Fringe fave to launch book in­spired by play

Winnipeg Free Press - Section G - - BOOKS - By Bob Arm­strong

FOr­ga­niz­ers of the 2014 Win­nipeg In­ter­na­tional Writ­ers Fes­ti­val are fol­low­ing up on news of their head­liner — Cana­dian-born Booker Prize win­ner Eleanor Cat­ton — with some other high-pro­file vis­it­ing writ­ers. In ad­di­tion to Cat­ton, who will ap­pear at the Sept. 19 open­ing, the fes­ti­val will in­clude Al­berta’s Fred Sten­son ( The Trade, Light­ning), read­ing from Who By Fire, his forth­com­ing book in­spired by con­flicts be­tween Al­berta’s oil and gas sec­tor and agri­cul­tural com­mu­ni­ties, and Ar­jun Basu, a Mon­treal-born au­thor who be­came a sen­sa­tion writ­ing sto­ries for Twit­ter, read­ing from his first non-140-char­ac­ter novel, Wait­ing for the Man.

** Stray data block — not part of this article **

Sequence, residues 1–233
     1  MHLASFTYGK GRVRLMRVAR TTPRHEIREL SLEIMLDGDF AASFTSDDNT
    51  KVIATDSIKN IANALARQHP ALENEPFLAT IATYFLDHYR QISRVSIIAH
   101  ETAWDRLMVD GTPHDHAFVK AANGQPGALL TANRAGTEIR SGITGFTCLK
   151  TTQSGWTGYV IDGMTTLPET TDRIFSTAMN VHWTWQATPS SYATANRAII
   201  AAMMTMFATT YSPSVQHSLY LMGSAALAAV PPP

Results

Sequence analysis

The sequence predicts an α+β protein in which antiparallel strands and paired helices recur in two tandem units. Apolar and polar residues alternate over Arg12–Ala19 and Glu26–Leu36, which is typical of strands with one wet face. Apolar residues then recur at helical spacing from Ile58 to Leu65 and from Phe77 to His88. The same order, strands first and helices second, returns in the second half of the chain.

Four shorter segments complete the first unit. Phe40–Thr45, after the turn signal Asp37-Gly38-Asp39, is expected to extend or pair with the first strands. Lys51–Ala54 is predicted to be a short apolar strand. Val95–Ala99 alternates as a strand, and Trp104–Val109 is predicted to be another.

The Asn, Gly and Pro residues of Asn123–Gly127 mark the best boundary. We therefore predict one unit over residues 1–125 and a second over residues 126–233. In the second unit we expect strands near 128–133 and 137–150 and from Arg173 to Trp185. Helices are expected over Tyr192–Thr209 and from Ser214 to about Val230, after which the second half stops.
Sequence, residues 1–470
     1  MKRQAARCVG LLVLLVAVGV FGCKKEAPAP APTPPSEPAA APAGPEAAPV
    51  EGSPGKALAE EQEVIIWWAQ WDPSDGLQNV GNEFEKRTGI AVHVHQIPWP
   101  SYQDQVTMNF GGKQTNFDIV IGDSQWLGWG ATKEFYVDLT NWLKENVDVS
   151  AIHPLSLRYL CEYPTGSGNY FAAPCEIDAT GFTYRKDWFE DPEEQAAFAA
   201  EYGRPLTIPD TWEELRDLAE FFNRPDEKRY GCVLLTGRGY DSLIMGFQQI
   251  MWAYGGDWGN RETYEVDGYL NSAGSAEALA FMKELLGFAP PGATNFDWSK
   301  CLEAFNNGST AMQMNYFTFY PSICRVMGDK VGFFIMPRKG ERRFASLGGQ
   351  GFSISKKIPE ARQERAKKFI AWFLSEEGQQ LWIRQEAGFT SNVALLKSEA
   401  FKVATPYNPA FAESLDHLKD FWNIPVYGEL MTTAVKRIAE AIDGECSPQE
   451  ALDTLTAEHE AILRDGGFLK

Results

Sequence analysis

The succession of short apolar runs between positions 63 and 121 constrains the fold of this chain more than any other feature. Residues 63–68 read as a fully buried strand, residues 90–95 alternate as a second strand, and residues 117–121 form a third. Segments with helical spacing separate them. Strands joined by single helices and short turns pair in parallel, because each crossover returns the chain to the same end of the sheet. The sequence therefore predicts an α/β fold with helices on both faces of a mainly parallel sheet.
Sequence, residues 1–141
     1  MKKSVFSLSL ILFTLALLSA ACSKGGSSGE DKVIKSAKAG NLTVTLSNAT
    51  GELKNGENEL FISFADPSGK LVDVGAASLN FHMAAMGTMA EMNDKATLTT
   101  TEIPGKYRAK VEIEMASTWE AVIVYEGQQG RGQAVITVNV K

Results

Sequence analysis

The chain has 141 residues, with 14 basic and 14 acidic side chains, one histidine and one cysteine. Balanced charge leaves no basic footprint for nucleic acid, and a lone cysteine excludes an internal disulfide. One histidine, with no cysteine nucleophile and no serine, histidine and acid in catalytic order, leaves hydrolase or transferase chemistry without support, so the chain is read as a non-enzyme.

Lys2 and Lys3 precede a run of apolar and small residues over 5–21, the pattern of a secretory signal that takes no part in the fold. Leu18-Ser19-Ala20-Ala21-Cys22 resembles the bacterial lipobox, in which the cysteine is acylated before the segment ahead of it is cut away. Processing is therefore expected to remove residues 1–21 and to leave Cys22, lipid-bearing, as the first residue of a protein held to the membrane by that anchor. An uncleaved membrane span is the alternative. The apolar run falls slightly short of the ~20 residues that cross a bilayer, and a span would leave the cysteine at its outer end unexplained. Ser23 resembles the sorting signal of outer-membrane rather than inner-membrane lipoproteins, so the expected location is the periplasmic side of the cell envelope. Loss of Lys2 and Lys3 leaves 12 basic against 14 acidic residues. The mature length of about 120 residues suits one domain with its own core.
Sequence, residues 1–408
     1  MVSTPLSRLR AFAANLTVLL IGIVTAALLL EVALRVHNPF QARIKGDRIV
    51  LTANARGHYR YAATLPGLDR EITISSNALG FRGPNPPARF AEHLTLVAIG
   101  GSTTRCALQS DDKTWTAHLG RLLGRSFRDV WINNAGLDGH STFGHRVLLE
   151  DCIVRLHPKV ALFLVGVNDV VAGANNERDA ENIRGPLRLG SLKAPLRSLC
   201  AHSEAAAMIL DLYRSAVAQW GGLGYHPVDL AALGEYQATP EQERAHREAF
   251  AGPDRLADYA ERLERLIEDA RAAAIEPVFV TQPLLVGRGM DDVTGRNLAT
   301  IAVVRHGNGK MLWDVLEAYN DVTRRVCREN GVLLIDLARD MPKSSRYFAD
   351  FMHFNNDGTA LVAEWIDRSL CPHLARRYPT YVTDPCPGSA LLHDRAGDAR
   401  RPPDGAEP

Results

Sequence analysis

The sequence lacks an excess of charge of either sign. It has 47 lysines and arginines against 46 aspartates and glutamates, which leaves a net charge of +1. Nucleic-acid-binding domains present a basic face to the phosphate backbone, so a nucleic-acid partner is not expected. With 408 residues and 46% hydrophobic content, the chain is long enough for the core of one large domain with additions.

Morro and Jasp do Pu­berty, Morro and Jasp Gone Wild and Of Mice and Men and Morro and Jasp, and the Dora-win­ning Go Bake Yourself, are miss­ing at this year’s fes­ti­val. But the Win­nipeg-born Amy Lee, who plays Jasp, will re­turn to the city this sum­mer to launch Eat Your Heart Out with Morro and Jasp, a book of comics, sto­ries, po­etry, il­lus­tra­tions, pho­tos and more than 130 recipes, in­spired by Go Bake Yourself. Lee, who has per­formed at Man­i­toba Theatre for Young People, Man­i­toba Theatre Cen­tre and Win­nipeg Jewish Theatre, launches the book at 7 p.m. Aug. 6 at McNally Robin­son Book­sellers. The 2014 FIFA World Cup has a mag­i­cal echo in the fan­tasy world of the Harry Pot­ter fran­chise. Au­thor J.K. Rowl­ing has pro­vided a glimpse into the adult life of Harry, Ginny, Hermione, Ron and oth­ers in the Hog­warts gang via her Pot­ter­more web­site. On the Pot­ter­more blog (sign-up re­quired) Rowl­ing has re­leased a gos­sip col­umn by her al­ter ego, the poi­son­pen wield­ing Rita Skeeter, de­scrib­ing a 34-year-old Harry and his friends at a World Cup of Quid­ditch match. The site also con­tains an ac­count of the World Cup fi­nal (Brazil vs Bul­garia) at­trib­uted to Ginny Weasley. Re­cent ad­vances in neu­ro­science prove that writ­ers’ brains are dif­fer­ent from those of or­di­nary people, and it’s not just in the lobes re­spon­si­ble for re­sent­ment and self-loathing. A re­cent New York Times story profiles the re­search of Dr. Martin Lotze of the Univer­sity of Grief­swald, Ger­many, who had vol­un­teers write short sto­ries while hooked up to an MRI. When he com­pared reg­u­lar vol­un­teers to those from a univer­sity mas­ter’s pro­gram in cre­ative writ­ing, he found ex­pe­ri­enced writ­ers re­lied more on the por­tion of the brain in­volved in speech, while non-writer vol­un­teers re­lied on the vis­ual parts of their brains. The cre­ative writ­ing stu­dents also used an area of the brain known as the cau­date nu­cleus, which co-or­di­nates brain ac­tiv­ity when us­ing a skill gained through prac­tice and ex­per­tise. The reg­u­lar vol­un­teers didn’t use their cau­date nu­cleus when they wrote. A re­cently dis­cov­ered let­ter by the 19th-century French poet Charles Baude­laire demon­strates the au­thor of Les Fleurs du Mal wasn’t just the fa­ther of sym­bol­ism and grand­fa­ther of mod­ernism — he was also a jerk. The Guardian re­ports that the let­ter, re­cently auc­tioned by Christie’s along with a let­ter by Robert Louis Steven­son as well as Walt Whit­man’s per­sonal copy of Leaves of Grass, con­tains a postscript re­fer­ring to Vic­tor Hugo, au­thor of Les Misérables. Baude­laire had been pros­e­cuted for “of­fend­ing pub­lic morals” in his fa­mous book of po­etry, and Hugo had come to his aid with letters of sup­port. In the postscript, Baude­laire writes “Hugo con­tinue a m’en­voyer des let­tres stupi­des.” ANS of the Win­nipeg Fringe Fes­ti­val may no­tice that the clown duo Morro and Jasp, whose shows have in­cluded

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